# Limits of overdot notation in geometric algebra

In geometric calculus the over dot notation is used to denote the proper way to do the vector differentiation of a multivector product - $$\nabla (AB) = (\nabla A)B + (\dot{\nabla}A)\dot{B}$$ The question is does make any sense to have more than one over dotted $$\dot{\nabla}$$ and one over dotted multivector in an expression. The reason for this question is that I am implementing the over dot symbolism in the galgebra symbolic geometric algebra python module.

Note that when it comes to multivectors I consider $$\dot{(ABC)}$$ to be a single multivector. The code would be (A*B*C).odot(). The program would first evaluate $$ABC$$ and then apply the over dot (actually just a flag on the result) to the product. Parenthesis are essential to the proper evaluation of expressiong with multivector differential operators and multivectors since in general $$\nabla(ABC) \ne (\nabla A)BC \ne (\nabla AB)C.$$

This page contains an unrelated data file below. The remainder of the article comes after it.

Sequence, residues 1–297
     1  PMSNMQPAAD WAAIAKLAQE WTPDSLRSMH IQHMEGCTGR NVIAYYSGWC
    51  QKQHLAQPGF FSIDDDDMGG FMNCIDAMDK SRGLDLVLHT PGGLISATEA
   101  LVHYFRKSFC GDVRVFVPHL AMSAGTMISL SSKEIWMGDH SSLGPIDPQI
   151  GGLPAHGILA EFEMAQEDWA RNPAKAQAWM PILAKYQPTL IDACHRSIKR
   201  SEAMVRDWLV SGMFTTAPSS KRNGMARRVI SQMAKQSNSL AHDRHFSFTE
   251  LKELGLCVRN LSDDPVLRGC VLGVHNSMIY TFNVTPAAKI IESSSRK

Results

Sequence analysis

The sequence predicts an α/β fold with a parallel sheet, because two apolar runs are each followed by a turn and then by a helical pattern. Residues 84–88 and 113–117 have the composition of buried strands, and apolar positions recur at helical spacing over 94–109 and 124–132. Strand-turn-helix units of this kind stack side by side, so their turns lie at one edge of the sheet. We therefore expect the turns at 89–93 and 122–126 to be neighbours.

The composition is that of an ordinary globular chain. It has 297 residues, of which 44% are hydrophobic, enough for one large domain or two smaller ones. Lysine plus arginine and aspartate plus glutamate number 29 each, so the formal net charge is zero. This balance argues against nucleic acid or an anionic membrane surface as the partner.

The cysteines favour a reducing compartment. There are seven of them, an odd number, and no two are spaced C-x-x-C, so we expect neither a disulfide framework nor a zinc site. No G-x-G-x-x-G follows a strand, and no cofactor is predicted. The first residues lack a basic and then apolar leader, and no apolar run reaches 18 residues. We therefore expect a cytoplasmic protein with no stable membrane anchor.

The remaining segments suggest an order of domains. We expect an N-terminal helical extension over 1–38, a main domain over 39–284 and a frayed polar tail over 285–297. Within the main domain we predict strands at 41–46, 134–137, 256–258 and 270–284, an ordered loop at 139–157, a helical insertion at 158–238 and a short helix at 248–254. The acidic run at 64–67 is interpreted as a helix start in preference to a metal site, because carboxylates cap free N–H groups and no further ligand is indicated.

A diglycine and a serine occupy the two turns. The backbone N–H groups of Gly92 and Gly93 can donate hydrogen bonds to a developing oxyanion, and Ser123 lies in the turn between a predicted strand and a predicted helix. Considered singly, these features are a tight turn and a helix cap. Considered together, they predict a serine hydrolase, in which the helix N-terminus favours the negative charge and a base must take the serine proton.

• I would rather not use overdot notation, and instead use brackets: $$\nabla[AB]=\nabla[A]B+\nabla A[B]$$ This can also work with several $\nabla$'s differentiating different things, by using numbers to pair each $\nabla$ with its brackets: $${_1\!\nabla}\,{_2\!\nabla} A\;{^2\![BC]}A\;{^1\![D]}$$ means the first $\nabla$ is differentiating $D$ and the second is differentiating $BC$. (I don't know if this is a good idea; I thought of it while studying tensors, hence the resemblance to "up-down" tensor contraction notation.) – mr_e_man Dec 10 '18 at 1:59